Matthew, Dark Sky Ranger

Dark Skies
Dark Skies Tours, learning about and exploring the solar system, our galaxy and beyond, using the naked eye, binoculars and story telling, myths and legends
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About Matthew, Dark Sky Ranger

For as long as mankind has lived on Earth, we have looked up at the night sky and wondered. Then we started lighting up the night and the stars faded from view. There are still places where it gets dark at night, though, where light pollution is low, and Dumfries and Galloway is one such place, with the UK's first Dark Skies Park at its heart. You can see the best of this by joining Matthew, Dark Skies Ranger for an experience with the Wow Factor!

For the most popular tour (2-2.5 hours), we meet Matthew just before sunset, which means we can watch the sun do down and the first stars come out. During the twilight, we go for a short walk to connect with the landscape and the history of the area, then build a scale model of the solar system and learn some facts and figures which help us to begin the journey into the sky above. We then move to our main viewing point, where the astro-binoculars are set up on a tripod and we can watch as the last sunlight leaves the sky. Bright stars and planets are first to come into view and our own, Milky Way Galaxy gradually becomes clearer. The International Space Station might put in an appearance but there are always satellites to spot.

Using the binoculars and our eyes, we go on a tour of the solar system, our galaxy and even to another galaxy. There are times when meteor showers are forecast but it is a rare night when we don't see a few shooting stars. We might even see the Northern Lights, if the Sun has been busy. We learn how to navigate by the stars and everything we discover has a story to tell, either facts and figures, myths and legends, or some special connection with humanity. Throughout the night, Matthew will offer to take pictures for you to keep as mementoes of your adventure.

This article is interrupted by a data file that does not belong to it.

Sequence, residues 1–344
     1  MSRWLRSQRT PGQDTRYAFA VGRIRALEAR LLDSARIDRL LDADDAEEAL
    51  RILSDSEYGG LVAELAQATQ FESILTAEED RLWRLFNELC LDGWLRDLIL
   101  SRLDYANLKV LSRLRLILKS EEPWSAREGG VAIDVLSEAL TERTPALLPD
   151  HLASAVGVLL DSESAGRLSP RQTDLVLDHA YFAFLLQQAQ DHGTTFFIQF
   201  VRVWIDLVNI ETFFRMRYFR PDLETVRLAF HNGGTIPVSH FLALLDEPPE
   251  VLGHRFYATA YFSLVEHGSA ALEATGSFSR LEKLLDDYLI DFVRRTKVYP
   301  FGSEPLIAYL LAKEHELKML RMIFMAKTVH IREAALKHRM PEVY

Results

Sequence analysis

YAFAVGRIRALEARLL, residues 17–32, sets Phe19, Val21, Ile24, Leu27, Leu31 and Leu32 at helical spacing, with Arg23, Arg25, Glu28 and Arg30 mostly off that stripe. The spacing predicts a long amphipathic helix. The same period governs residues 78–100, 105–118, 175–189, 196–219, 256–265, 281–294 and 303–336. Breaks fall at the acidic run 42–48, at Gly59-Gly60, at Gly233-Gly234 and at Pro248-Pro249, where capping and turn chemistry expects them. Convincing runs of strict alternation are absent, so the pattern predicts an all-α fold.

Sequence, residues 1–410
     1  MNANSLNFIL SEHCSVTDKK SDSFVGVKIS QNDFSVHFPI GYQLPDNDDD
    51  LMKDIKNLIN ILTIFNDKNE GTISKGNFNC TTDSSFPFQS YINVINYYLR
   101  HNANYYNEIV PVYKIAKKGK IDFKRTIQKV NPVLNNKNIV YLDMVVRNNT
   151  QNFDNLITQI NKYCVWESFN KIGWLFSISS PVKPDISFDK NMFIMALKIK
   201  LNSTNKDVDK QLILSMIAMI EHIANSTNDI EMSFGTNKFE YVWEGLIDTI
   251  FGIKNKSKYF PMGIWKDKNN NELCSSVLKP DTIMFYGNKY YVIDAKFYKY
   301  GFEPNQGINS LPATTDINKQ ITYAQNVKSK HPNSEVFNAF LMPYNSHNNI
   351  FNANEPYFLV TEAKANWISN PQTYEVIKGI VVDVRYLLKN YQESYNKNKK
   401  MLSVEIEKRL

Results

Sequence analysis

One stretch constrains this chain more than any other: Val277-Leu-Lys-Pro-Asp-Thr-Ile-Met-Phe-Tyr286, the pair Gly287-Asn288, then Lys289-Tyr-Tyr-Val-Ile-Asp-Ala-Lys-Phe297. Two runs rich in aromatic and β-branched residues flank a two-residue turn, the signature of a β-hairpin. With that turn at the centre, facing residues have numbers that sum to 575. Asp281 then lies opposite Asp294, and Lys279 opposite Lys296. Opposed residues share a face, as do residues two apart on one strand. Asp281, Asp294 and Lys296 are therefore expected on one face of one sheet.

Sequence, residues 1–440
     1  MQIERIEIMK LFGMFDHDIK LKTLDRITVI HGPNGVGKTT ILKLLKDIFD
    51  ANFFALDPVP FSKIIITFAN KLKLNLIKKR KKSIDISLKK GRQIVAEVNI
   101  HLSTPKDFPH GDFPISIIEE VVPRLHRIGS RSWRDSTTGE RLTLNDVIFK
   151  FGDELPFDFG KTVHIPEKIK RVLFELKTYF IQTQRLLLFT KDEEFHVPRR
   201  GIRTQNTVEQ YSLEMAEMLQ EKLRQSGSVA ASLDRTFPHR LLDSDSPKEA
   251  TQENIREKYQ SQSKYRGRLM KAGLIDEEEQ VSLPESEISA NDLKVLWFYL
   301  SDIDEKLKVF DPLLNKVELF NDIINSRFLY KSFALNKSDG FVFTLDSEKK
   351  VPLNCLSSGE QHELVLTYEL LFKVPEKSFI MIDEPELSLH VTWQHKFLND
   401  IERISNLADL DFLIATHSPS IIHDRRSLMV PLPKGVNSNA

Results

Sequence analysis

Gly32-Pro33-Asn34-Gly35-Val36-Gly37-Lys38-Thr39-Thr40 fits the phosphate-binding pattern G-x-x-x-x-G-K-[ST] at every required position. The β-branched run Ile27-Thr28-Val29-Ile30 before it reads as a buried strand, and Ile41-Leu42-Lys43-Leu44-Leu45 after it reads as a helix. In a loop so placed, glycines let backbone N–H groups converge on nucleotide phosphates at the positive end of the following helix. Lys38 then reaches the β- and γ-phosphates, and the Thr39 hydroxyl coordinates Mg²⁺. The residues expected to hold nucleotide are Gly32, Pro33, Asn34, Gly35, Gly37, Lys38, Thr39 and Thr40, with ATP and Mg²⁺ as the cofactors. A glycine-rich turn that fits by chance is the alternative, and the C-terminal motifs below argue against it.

For those who like to walk and want to experience the forest at night, we meet before sunset and set off into the forest, following a track and, as the light fades, getting our night vision. The darkness is increased by the cover of the trees and the stars can be glimpsed shining through. We may encounter wildlife, such as badgers, foxes, deer or see the ghostly sight of Barn Owls swooping silently through the trees. We will then stop at a viewing point where the binoculars are set up and spend some time star gazing, before walking back through the forest.

We can also go out for later night or early morning tours, especially when there are exciting, celestial events forecast, such as Meteor Showers, Lunar Eclipses or the Northern Lights. They offer the same opportunity to explore the night sky, with the added attraction of seeing something rarer and even more spectacular.

Whether it is seeing the moons of Jupiter, the Milky Way or a Shooting Star for the first time, the most common expression people use is "Wow"! The comments left by participants of a recent tour give a glimpse of what the experience is like: "Thank you so much for sharing your knowledge and enthusiasm with us on Sunday night. We were completely blown away by everything we saw - it was truly awe-inspiring! We really didn’t expect to be able to see so much so it was a really amazing experience."

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